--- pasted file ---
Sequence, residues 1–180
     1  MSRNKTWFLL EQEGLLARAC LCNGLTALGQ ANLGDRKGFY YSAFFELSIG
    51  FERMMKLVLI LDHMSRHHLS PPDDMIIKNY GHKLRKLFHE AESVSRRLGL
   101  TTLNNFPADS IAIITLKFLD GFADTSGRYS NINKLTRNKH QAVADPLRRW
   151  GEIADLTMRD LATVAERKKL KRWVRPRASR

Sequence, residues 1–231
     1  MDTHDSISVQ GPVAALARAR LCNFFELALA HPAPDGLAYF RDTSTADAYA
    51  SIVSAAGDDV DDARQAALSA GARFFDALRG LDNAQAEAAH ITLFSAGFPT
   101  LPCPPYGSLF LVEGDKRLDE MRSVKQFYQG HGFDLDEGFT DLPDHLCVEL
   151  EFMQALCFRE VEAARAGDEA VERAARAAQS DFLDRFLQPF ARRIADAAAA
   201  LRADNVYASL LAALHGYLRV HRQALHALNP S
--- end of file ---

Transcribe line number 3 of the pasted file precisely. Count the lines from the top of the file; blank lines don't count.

    51  FERMMKLVLI LDHMSRHHLS PPDDMIIKNY GHKLRKLFHE AESVSRRLGL